While Buffett called it “a really minor event,” his early-stage prostate cancer was a reminder that for all his success as an investor and all the plaudits he gets, Buffett is mortal and would be hard to replace at the company he has run since 1965.
“I don’t think that every deal that I made would necessarily be makeable by a successor, but they’ll bring other talents,” including skills to be an effective chief risk officer, Buffett said. “We’re not going to have an arts major in charge of Berkshire.”
Charlie Munger, who is Berkshire’s 88-year-old vice-chairman and sat beside Buffett, quipped: “I resent the sympathy Warren is getting. I probably have more prostate cancer than he does.” Among the internal candidates seen as possible future Berkshire chief executives are Ajit Jain, Buffett’s top insurance lieutenant; Matthew Rose, who leads Burlington Northern; and Greg Abel, who runs the MidAmerican Energy unit.
The annual meeting is the centerpiece of a weekend of events that Buffett has dubbed “Woodstock for Capitalism.” Close to 40,000 shareholders were expected to attend this year.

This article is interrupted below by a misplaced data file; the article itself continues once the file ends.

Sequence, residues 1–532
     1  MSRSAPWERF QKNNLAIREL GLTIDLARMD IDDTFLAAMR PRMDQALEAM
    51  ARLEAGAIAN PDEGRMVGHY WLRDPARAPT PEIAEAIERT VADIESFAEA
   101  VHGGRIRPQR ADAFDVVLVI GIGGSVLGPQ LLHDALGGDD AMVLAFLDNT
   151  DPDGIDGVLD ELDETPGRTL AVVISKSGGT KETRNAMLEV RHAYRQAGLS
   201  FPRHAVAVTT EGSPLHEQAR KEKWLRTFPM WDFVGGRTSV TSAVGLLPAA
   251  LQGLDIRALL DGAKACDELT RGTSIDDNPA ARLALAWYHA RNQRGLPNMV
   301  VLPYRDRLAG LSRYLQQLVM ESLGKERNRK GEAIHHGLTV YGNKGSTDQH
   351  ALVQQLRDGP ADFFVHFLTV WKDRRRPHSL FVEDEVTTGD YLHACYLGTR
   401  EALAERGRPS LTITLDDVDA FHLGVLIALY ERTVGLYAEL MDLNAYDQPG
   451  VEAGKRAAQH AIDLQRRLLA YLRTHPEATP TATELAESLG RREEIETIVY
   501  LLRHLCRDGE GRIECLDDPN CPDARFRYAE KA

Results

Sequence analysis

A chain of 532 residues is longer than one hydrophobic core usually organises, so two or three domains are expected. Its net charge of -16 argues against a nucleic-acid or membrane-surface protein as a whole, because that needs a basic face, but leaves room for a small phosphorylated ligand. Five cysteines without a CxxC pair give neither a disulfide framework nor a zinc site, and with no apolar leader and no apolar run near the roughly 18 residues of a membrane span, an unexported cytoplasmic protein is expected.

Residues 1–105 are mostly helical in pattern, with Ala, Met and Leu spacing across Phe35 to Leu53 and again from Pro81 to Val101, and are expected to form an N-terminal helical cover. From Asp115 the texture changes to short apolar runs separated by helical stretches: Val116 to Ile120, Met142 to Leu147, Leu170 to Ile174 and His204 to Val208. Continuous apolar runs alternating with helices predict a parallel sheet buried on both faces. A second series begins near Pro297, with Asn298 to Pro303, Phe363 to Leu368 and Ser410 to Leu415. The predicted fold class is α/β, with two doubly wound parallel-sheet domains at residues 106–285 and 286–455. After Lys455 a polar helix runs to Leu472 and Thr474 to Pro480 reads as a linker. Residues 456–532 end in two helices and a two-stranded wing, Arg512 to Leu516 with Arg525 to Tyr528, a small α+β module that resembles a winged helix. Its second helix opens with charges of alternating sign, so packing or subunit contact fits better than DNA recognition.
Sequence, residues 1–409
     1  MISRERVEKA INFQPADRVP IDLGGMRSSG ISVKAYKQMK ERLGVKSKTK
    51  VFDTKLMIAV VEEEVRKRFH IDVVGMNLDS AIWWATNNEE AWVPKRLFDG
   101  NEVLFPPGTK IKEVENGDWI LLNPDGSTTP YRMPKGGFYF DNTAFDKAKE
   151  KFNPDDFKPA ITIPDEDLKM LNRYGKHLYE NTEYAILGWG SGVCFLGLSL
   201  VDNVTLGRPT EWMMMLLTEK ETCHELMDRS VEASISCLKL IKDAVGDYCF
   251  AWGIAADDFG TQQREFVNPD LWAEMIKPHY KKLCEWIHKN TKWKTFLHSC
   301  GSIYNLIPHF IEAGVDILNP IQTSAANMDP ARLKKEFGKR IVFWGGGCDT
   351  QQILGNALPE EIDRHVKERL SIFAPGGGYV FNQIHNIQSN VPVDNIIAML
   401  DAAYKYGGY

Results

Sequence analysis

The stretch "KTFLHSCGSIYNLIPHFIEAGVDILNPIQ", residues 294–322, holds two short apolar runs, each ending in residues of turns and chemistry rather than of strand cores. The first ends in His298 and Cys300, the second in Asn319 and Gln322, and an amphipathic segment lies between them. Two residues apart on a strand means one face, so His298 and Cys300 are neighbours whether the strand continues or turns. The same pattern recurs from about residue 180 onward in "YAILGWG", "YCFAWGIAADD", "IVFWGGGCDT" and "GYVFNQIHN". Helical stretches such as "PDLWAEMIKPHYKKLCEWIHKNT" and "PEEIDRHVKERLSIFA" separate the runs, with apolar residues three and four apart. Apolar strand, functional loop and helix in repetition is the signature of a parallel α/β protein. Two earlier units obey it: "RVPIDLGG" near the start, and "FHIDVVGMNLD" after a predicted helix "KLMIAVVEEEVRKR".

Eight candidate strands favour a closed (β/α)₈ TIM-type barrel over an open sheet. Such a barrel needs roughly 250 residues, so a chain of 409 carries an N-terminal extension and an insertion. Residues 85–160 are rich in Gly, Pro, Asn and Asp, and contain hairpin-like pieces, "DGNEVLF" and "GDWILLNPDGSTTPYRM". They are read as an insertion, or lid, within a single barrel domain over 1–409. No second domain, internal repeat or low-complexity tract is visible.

This year’s meeting had fewer fireworks than the 2011 meeting, which was dominated by the then-recent, scandal-driven resignation of Buffett heir apparent David Sokol. Yet Buffett offered a blunt assessment on a scandal enveloping Walmart Stores, in which Berkshire held a $2.33 billion common stock stake at year end.
Last month, the New York Times said the retailer’s majority-owned Walmart de Mexico unit ran a widespread bribery campaign in that country to win market dominance, and that senior Walmart executives tried to cover it up. “If you read the New York Times story, and there’s always another side to it, it looks like they may well have made a mistake in how that was handled.” He nonetheless said he did not believe the matter “changes the fundamental dynamic” about Walmart or its earnings power.
He was upbeat about Berkshire’s prospects.
As in recent years, Buffett and Munger fielded questions from shareholders and three journalists. For the first time, they also took questions from three insurance industry analysts - Barclays Capital’s Jay Gelb, KBW’s Cliff Gallant, and Dowling & Partners’ Gary Ransom - who each have the equivalent of a “buy” rating on Berkshire.